Another reason that many rapists tend to get off with easier sentences, is because of the first rule of power, that power compounds. In many cases of rape, the person who is assaulted in drugged, or in the case of the Stanford victim, under the extreme influence of alcohol. This impress memory and as seen in how the case played out, this loss of memory can be played to the assailants advantage. The court system is not very forgiving in this case. Without any clear evidence as to wether the victim consented, the advantage is in the assailants court. This is helped by the fact that there is really no law that outlines just what consent means. I think this is how one would change the game. First there needs to be laws in place that would define consent. For example, if some one is unconscious, as the Stanford victim was, there is no consent. If there was no verbal yes, there is no consent. California Governor Jerry Brown took the first step by passing the Yes Means Yes law. It removes the ambiguity of the previous No Means No law and requires that schools must teach consent and emphasize that some one who is intoxicated cannot give consent. Another part of the game that must be changed is the sentencing for those convicted of assault. Brock turner was convicted on all accounts of assault that were brought against him, yet he still received a pretty measly sentence. There must be change within the legislature tat guarantees that those convicted get a certain amount of jail time, instead of just a comparable slap on the wrist. This would ensure to those who are victims that if they come forward, they will receive justice, and the psychological damage they may go through in the process will be worth it.
Next, in order to change the equation and show that this change is positive sum, we must show how it would also help men, who are also often victims of assault. There is a narrative out there that men always want sex, so even if they don’t ask for it they should always be happy. In changing the narrative on consent for women, we are also changing the consent for men. They also must provide and emphatic yes. This will help them come forward as well and be sure that their assailant is put behind bars and punished accordingly.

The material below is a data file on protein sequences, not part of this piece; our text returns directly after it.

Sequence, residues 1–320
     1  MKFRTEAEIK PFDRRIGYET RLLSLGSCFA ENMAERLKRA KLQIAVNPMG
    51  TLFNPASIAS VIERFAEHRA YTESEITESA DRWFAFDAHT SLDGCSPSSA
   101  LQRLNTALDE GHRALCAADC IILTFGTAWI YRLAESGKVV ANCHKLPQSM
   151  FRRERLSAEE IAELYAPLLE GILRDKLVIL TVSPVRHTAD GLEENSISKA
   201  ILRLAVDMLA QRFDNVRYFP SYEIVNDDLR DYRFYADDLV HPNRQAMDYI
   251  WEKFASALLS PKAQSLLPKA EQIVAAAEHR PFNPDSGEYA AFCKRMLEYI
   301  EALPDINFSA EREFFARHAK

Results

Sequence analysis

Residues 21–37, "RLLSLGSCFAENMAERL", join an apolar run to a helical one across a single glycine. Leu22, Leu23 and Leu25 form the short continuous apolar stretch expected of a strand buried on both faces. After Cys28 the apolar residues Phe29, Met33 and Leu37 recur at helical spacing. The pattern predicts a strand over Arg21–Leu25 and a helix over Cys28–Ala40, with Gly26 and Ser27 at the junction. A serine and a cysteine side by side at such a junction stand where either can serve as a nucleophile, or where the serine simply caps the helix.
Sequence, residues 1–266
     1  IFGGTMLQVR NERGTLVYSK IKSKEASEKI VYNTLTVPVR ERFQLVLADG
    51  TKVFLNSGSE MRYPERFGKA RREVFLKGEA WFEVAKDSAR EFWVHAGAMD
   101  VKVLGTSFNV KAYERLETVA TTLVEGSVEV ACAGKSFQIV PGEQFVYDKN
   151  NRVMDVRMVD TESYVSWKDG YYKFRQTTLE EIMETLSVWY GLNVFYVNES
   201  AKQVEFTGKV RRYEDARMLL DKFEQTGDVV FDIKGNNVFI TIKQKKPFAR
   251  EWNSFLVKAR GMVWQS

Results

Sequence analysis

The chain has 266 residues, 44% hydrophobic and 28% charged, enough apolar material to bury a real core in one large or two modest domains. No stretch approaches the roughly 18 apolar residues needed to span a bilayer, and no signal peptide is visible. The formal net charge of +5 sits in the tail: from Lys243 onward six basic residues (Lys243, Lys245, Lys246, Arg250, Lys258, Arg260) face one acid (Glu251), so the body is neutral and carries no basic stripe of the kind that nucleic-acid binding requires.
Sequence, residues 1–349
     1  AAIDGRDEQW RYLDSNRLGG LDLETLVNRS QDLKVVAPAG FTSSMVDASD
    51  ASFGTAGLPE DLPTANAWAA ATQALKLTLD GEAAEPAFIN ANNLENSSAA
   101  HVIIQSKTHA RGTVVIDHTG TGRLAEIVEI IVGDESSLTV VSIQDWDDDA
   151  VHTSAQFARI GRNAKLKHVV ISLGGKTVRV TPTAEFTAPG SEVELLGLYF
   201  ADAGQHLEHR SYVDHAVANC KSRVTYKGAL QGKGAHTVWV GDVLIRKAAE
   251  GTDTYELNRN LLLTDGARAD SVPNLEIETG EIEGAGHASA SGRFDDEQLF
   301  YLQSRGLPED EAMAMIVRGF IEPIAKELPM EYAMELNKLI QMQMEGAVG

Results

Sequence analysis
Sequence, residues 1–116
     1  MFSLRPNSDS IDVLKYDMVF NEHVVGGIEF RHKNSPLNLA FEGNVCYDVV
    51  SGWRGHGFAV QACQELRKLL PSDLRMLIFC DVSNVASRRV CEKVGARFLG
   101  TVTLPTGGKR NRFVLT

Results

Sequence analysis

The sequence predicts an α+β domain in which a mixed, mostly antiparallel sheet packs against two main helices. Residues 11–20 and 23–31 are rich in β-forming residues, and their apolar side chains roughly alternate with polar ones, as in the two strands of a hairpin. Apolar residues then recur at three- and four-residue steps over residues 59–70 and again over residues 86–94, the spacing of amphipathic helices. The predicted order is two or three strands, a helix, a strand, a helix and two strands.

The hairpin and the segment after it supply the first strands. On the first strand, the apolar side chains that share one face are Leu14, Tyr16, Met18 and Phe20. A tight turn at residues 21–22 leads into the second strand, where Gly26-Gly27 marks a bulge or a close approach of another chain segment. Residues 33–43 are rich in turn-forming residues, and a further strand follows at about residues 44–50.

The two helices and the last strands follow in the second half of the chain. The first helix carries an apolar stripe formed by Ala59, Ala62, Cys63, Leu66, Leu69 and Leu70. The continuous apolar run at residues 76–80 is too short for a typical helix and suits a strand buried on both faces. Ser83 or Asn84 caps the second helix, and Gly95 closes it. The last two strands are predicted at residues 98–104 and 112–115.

For as long as there have been armies, war has been used as a means of gaining power. It has been a key element in expanding empires and gaining control. The Roman empire was so successful in part due to it’s amazing army, the British were feared because of their great naval power, and in World War II the Germans waged war in an attempt to restore their power. War has always been an integral part of the power struggle between nations, and this power struggle influenced Sun Tzu to write The Art of War. His observations of successful strategies and harmful pitfalls in war not only apply to war itself, but to politics in general. His observations on the nature of war and the sources and conduits in play can be used to analyze successful war strategies and campaign strategies alike, for as with war, politics is one organization against another in an attempt to defeat the enemy and gain greater political control.